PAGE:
38 - Can MCID Be Achieved in Elderly Patients Undergoing MIS Deformity Surg...

General Session: MIS-4

Presented by: P. Park - View Audio/Video Presentation (Members Only)


P. Park(1), D. Okonkwo(2), K-M. Fu(3), S. Nguyen(4), M. Wang(5), J. Uribe(6), N. Anand(7), G. Mundis(4,8), V. Deviren(9), R. Fessler(10), C. Shaffrey(11), D. Chou(9), P. Mummaneni(9), International Spine Study Group

(1) University of Michigan, Ann Arbor, MI, United States
(2) University of Pittsburgh Medical Center, Pittsburgh, PA, United States
(3) Weill Cornell, New York, NY, United States
(4) San Diego Center for Spinal Disorders, San Diego, CA, United States
(5) University of Miami, Miami, FL, United States
(6) University of South Florida, Tampa, FL, United States
(7) Cedars Sinai, Los Angeles, CA, United States
(8) Scripps Clinic, La Jolla, CA, United States
(9) University of California, San Francisco, San Francisco, CA, United States
(10) Rush University, Chicago, IL, United States
(11) University of Virginia, Charlottesville, VA, United States


Hypothesis: MCID can be achieved in elderly patients undergoing MI surgery for ASD. Design: Multicenter retrospective study.

Introduction: Minimally invasive surgery (MIS) has been used to treat adult spinal deformity (ASD) with the potential benefit of decreased approach related morbidity. The objective of this study was to determine whether a minimal clinically important difference (MCID) could be achieved in patients 65 years and older who underwent MIS for ASD.

Methods: A multicenter database of patients who underwent MIS for ASD was queried. Inclusion criteria for the database: diagnosis of ASD with at least one of the following: coronal Cobb (CC) ≥20°, SVA >5cm, PT>25°, or thoracic kyphosis >60°. Of 190 patients, 42 aged 65 years and older were identified. Outcome metrics assessed were ODI and VAS back and leg pain. MCID, per Copay, Glassman et al 2008, was defined as a positive change of 12.8 ODI, 1.2 VAS back pain, and 1.6 VAS leg pain. To evaluate relative change, the number of patients who improved 30% or more from baseline values was also assessed.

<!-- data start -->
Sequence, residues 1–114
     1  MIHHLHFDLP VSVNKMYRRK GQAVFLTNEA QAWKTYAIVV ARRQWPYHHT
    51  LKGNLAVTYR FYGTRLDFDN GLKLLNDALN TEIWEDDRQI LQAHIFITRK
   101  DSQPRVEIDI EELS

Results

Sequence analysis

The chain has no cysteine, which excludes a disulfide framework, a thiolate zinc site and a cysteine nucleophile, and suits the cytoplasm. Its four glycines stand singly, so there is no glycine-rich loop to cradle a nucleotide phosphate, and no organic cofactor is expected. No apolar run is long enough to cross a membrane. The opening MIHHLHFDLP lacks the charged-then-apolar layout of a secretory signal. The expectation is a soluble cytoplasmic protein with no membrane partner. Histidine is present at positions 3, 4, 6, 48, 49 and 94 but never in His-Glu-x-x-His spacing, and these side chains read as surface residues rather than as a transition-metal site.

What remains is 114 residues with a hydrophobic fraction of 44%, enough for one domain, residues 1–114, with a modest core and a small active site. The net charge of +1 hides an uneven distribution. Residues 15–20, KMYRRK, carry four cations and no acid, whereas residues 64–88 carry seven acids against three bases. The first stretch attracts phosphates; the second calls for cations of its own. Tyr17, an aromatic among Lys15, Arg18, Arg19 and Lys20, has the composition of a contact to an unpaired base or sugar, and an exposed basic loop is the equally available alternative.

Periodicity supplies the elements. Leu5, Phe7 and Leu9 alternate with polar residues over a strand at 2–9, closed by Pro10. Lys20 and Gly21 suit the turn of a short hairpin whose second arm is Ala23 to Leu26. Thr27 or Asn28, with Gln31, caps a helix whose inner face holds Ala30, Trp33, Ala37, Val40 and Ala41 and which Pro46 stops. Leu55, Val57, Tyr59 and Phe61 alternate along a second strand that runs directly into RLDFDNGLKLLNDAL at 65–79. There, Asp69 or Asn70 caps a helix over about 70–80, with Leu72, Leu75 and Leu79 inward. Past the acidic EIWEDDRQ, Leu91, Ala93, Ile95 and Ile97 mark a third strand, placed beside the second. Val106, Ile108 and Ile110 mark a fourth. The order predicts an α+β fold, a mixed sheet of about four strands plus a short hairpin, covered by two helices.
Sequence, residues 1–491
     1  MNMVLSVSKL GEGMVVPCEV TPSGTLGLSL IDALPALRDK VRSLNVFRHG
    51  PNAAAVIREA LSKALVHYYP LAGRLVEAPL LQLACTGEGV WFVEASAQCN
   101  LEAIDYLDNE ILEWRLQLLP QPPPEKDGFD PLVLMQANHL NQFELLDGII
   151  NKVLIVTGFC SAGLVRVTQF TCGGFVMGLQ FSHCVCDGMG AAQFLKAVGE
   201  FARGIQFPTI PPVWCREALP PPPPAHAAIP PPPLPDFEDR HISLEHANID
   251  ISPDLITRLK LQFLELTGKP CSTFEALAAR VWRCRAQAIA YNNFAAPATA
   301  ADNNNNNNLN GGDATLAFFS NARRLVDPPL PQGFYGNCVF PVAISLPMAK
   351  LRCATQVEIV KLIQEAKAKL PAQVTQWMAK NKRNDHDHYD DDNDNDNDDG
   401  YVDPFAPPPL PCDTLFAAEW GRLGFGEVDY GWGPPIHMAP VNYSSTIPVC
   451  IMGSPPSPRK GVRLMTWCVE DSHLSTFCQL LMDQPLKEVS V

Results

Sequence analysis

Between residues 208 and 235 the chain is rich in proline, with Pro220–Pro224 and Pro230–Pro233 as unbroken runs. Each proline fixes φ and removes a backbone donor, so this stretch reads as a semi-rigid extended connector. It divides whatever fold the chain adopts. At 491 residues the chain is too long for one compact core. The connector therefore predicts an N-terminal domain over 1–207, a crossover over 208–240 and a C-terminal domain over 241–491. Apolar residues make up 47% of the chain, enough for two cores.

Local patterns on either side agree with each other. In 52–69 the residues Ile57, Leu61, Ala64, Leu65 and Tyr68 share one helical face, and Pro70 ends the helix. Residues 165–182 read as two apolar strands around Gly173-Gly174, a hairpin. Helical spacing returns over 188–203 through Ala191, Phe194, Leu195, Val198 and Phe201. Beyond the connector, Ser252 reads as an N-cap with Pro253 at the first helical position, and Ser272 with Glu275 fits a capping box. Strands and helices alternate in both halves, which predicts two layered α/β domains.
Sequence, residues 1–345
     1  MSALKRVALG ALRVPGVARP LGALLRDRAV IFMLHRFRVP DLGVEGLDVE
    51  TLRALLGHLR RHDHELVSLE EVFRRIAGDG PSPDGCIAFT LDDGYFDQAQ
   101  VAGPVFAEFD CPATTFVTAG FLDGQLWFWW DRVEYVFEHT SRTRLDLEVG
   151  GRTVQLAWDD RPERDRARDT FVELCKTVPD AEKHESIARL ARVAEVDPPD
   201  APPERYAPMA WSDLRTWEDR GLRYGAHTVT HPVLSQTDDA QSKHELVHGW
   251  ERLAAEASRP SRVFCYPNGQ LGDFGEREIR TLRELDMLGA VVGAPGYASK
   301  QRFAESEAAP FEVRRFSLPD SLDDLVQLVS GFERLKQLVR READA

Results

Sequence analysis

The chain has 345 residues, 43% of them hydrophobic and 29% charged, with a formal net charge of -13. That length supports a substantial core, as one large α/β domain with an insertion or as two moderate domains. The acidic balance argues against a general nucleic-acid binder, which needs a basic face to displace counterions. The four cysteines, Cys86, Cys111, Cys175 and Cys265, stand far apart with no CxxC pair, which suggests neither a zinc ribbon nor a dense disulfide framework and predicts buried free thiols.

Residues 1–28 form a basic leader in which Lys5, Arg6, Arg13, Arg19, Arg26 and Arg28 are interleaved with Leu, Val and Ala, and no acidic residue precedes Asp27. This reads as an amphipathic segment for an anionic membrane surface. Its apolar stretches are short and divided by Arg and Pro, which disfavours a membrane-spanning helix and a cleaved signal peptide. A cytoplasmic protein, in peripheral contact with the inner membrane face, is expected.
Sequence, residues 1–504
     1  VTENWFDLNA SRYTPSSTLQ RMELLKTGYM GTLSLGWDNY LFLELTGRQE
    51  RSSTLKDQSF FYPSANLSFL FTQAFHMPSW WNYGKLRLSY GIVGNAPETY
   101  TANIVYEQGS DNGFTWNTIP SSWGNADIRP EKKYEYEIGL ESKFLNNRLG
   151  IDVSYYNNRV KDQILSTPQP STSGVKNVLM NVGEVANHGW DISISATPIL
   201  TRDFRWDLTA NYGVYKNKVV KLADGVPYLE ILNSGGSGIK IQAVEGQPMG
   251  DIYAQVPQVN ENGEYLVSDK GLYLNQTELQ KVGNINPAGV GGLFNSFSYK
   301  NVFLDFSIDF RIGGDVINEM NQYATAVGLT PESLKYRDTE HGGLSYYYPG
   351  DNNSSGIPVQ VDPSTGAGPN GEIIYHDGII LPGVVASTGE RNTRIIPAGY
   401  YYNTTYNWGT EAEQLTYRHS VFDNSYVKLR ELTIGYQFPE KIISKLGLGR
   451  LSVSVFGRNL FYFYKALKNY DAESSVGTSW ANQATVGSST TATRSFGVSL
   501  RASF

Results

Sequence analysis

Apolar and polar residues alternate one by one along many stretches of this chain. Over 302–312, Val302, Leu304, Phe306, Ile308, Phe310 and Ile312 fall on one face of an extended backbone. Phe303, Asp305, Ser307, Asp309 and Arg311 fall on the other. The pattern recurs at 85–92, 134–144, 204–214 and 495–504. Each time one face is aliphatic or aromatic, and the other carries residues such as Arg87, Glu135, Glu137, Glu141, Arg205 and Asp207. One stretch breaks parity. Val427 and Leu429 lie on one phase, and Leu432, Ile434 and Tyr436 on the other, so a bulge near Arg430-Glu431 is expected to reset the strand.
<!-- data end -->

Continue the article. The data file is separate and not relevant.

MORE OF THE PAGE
Results: Mean age was 70.3 years and 31 (73.8%) were female. Mean follow-up was 32.1 months. An average of five levels (0-14) were fused posteriorly in addition to a mean of 4 interbody fusions (range: 1-8 levels ). 5 patients underwent anterior interbody fusion without posterior instrumentation. There were no significant changes in any sagittal plane parameters (table 1). CC improved from 35° to 18° (p< 0.001). 14 (33.3%) patients had a complication with 6 (14.3%) requiring a reoperation. Patients showed significant improvement in ODI, VAS back and leg (p< 0.001). In this patient population, 64.3% achieved MCID for ODI, and 66.7% improved at least 30% from baseline. Similarly, for VAS back and leg, 82.9% and 72.2%, respectively, reached MCID and 80.5% and 75.0%, saw at least 30% improvement from baseline values.

Conclusions: The difference in patients reaching MCID for VAS back and leg vs ODI may suggest that MIS techniques effectively improve spine related symptoms but are left with functional limitations. A modest percentage of patients in this cohort were able to achieve MCID. However, this study did not address severe sagittal deformity, therefore results may not be applicable to that specific patient population.

Table 1: Radiographic and clinical outcomes in patients of 65 years and older who underwent MI deformity surgery.